Carditis is the most severe clinical feature of ARF, contributing to long-standing sequelae [9]. Literature reports have shown echocardiographic abnormalities suggestive of carditis in patients with normal clinical cardiac examination [1, 2, 7, 10, 1215, 19, 35]. Two-dimensional Doppler echocardiography (2D Echo Doppler) certainly is the most reliable noninvasive technique for diagnosing valvar regurgitation because it is more sensitive than cardiac auscultation, particularly in mild cases. However, due to the elevated frequency of physiologic regurgitation in the healthy population, whether 2D Echo Doppler can accurately distinguish pathologic from physiologic regurgitation has generated uncertainties. These uncertainties are compounded by the fact that few prospective studies are available evaluating valvar functioning late after the initial ARF episode [5, 8, 18, 22, 29, 36].

Considering the need for adequate detection and control of cardiac involvement in ARF, we conducted a prospective study aimed at evaluating 2D Echo Doppler findings for patients with and without clinical carditis at diagnosis and late during a follow-up period that extended to 5 years.

Patients and Methods

Patients

Patients diagnosed with ARF according to the revised Jones criteria [9] were consecutively selected to participate in the study. Inclusion criteria specified patients younger than 18 with their first episode of ARF. The study enrolled 56 patients (33 boys) with a mean age of 11.4 years (range, 7–14 years). The patients were grouped according to the presence of carditis: group 1 (27 ARF patients with a clinical manifestation of carditis) and group 2 (29 ARF patients without a clinical manifestation of carditis). All parents of the patients gave informed consent for their participation in the study, which had prior approval of the hospital investigational review board.

Methods

All clinical evaluations were performed on the same day by one pediatric rheumatologist and blindly by one pediatric cardiologist. The patients were evaluated at initial presentation, at 3 and 6 months, and then 2 and 5 years after the acute episode. They regularly underwent chest X-rays, electrocardiography, and 2D Echo Doppler.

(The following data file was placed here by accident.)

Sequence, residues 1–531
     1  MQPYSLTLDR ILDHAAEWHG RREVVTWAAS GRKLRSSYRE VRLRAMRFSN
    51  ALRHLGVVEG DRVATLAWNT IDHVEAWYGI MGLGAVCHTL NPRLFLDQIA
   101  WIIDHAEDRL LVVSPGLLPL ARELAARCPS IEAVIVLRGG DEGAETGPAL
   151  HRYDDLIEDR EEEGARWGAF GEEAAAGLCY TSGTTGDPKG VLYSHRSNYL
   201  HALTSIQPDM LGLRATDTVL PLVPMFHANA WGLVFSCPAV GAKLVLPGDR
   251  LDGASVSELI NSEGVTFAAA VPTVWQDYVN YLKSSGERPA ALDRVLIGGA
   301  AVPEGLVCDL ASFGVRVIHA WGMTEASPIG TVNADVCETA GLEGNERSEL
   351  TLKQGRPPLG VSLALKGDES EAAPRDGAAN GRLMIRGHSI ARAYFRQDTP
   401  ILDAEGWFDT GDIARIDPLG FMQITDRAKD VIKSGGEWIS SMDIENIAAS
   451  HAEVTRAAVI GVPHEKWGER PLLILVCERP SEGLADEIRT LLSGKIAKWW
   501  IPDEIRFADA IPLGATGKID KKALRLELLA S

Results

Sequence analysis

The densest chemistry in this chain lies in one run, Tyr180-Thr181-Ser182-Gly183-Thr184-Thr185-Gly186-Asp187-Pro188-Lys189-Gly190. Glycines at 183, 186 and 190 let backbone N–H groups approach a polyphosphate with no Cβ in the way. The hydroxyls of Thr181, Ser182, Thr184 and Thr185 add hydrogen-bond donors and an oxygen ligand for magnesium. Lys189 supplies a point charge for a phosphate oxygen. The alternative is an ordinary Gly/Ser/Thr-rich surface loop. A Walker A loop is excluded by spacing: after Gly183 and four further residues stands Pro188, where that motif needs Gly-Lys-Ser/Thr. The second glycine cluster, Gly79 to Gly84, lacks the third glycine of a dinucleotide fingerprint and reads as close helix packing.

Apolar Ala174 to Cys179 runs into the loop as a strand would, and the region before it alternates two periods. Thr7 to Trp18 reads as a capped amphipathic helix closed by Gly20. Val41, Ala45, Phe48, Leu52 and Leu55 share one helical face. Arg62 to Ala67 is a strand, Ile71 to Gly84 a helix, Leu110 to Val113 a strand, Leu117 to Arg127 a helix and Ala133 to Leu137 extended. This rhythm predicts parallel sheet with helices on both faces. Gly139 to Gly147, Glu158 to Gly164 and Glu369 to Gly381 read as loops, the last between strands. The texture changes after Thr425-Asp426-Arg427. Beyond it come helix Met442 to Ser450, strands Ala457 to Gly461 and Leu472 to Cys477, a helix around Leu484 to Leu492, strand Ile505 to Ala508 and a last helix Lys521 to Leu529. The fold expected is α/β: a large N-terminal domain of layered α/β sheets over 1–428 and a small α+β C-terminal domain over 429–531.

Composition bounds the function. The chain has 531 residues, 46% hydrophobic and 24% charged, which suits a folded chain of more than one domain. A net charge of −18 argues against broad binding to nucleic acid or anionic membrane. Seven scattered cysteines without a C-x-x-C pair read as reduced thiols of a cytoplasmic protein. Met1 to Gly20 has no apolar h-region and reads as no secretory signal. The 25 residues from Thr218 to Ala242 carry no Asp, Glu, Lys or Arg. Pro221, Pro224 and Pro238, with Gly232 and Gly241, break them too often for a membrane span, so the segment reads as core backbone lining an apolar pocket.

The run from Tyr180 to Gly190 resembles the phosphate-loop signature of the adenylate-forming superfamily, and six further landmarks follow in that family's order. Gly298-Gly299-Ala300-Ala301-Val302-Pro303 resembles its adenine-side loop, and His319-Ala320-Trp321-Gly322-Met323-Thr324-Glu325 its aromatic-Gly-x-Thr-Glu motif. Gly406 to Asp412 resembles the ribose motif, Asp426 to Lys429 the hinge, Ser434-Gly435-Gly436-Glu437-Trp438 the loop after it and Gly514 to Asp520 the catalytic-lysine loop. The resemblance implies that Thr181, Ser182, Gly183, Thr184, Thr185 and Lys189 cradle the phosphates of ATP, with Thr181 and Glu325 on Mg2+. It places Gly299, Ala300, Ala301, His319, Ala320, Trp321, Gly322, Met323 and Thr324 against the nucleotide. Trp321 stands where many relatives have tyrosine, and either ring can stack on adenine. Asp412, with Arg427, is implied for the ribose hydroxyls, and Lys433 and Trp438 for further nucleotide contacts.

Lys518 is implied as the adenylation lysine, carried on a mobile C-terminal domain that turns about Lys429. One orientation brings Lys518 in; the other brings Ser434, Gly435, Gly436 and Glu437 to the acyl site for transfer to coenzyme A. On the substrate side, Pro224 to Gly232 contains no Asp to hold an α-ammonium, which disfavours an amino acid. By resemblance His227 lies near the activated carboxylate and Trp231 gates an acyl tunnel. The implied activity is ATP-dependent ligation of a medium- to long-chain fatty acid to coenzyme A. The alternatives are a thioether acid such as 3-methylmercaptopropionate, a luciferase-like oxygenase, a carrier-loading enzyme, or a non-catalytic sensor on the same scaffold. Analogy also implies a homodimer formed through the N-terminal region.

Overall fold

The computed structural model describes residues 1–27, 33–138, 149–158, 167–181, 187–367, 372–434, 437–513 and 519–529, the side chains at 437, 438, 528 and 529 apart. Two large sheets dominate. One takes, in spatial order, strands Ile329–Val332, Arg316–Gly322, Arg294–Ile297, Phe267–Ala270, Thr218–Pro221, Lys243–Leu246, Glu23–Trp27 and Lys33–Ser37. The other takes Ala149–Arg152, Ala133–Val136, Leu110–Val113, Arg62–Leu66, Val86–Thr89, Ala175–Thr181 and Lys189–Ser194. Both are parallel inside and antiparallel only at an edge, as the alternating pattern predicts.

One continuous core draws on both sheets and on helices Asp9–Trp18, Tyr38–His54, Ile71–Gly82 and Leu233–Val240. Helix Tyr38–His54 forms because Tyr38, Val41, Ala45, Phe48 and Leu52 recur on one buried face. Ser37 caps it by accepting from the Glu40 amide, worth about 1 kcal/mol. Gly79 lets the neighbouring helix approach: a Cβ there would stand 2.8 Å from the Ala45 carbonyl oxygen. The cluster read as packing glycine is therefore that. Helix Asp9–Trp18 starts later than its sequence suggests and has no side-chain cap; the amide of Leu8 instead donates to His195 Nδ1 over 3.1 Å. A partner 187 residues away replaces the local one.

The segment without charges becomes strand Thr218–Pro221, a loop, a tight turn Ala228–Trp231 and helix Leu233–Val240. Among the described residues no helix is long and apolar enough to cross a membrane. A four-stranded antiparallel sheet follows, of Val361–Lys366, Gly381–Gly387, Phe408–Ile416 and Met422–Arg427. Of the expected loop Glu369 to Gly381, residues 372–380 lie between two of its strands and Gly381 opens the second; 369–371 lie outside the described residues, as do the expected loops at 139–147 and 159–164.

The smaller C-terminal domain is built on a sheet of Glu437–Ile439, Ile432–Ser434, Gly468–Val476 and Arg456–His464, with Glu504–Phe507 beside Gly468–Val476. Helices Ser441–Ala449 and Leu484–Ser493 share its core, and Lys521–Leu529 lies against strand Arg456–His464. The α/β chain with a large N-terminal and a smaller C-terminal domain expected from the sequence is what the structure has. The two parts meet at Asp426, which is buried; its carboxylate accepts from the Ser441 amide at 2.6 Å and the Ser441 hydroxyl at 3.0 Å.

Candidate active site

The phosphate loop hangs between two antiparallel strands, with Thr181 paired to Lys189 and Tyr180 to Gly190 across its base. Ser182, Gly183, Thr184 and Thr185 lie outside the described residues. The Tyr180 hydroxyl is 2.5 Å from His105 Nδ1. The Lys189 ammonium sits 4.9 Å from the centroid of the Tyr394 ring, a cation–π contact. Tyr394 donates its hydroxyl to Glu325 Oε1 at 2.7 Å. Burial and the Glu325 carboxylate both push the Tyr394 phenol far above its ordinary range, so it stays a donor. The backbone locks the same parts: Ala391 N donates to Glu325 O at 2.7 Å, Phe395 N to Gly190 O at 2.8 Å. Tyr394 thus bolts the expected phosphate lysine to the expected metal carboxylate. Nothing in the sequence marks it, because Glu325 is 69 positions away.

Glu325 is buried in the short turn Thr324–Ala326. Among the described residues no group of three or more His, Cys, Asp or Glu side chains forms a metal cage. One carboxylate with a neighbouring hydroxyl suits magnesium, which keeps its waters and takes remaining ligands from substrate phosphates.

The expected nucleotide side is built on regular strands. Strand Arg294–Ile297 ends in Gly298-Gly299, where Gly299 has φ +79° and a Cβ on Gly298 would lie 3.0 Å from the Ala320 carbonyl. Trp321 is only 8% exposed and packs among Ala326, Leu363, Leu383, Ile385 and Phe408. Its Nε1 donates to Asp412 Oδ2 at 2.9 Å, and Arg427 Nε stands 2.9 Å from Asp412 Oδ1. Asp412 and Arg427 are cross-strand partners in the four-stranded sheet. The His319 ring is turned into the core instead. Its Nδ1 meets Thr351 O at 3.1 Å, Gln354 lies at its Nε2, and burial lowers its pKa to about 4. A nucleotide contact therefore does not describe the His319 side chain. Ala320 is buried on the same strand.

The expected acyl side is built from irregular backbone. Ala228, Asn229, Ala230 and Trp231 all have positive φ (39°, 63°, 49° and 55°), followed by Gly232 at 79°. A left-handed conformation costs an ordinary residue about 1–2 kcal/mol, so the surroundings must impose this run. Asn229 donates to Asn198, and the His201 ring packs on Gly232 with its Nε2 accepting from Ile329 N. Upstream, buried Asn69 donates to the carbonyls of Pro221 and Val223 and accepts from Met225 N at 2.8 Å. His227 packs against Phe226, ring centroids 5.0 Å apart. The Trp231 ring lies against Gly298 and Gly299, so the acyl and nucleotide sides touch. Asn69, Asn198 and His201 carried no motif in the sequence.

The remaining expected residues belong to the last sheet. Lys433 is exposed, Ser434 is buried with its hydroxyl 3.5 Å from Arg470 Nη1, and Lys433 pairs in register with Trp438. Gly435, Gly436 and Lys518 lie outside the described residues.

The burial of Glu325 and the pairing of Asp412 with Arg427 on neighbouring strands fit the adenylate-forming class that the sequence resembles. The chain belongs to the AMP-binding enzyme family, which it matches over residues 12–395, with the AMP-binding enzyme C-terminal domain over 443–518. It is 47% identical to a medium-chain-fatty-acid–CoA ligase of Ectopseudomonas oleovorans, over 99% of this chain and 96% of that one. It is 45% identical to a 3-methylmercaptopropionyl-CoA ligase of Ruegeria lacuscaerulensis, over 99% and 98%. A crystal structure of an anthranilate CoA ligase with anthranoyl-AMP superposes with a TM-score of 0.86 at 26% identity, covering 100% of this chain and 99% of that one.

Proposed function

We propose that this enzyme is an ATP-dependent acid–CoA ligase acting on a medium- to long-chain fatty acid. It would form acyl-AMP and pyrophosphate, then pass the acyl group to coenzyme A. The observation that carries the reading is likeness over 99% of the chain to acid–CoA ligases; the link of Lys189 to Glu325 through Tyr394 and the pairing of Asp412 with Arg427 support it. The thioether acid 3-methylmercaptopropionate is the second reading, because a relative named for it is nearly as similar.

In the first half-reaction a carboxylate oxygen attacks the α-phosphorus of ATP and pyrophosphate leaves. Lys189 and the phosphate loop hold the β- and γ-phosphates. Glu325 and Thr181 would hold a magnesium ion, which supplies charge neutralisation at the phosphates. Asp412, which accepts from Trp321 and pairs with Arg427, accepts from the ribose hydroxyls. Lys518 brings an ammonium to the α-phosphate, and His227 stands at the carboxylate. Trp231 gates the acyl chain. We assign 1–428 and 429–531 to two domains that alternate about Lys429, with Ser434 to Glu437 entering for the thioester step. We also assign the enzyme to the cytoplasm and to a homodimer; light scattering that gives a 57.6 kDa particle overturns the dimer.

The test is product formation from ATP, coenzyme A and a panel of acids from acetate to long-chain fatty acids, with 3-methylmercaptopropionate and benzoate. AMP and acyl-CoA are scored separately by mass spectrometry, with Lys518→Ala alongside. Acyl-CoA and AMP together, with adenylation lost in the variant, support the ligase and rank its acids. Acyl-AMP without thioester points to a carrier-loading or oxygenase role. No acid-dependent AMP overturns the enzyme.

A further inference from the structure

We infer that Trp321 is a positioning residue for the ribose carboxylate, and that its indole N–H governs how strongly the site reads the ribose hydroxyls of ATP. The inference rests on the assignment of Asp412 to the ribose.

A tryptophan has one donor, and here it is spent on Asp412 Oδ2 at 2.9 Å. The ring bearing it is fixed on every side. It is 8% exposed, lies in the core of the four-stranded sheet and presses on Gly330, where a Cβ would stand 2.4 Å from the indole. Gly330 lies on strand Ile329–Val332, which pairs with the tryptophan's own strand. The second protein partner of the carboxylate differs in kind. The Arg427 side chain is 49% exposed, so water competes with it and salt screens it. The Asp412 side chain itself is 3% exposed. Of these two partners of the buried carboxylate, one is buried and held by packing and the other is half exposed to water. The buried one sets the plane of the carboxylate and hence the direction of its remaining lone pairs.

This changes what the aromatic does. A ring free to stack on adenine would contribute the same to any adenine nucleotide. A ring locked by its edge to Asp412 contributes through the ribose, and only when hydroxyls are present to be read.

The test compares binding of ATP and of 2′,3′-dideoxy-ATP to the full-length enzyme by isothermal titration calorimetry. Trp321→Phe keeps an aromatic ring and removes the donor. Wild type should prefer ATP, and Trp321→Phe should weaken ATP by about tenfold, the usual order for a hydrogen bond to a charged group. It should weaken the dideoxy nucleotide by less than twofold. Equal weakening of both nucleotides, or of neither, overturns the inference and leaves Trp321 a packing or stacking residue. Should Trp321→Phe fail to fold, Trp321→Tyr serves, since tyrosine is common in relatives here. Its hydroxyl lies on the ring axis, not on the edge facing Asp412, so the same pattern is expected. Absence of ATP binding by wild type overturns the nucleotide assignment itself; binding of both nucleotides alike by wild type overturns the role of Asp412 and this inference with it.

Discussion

A comprehensive 2D Echo Doppler was performed blindly by an experienced examiner using a commercially available echocardiographic system with a 2.5-, 3.5-, or 5.0-MHz transducer that had continuous and pulsed Doppler as well as color-flow mapping capabilities. Measurements for the diameters of the left atrium and left ventricle (diastolic and systolic) were obtained, and the ejection fraction was estimated by the cube method. Chambers were considered dilated if the measurements exceeded the reference value according to the weight.

With regard to color-flow mapping, appropriate gain and pulse repetition frequency settings were used, and the following aspects were taken into account. Mitral regurgitation was considered to be present if blue, green, or mosaic signals were seen originating from the mitral valve and spreading into the left atrium during systole. Aortic regurgitation was considered to be present if red, yellow, or mosaic signals were seen originating from the aortic valve and spreading into the left ventricle during diastole [23, 28, 31]. The degree of mitral regurgitation was measured by the relationship between maximal jet areas corrected for the atrial area. A relationship of less than 20% was considered mild, whereas a relationship of 20% to 40% was considered moderate, and more than 40% was considered severe [31].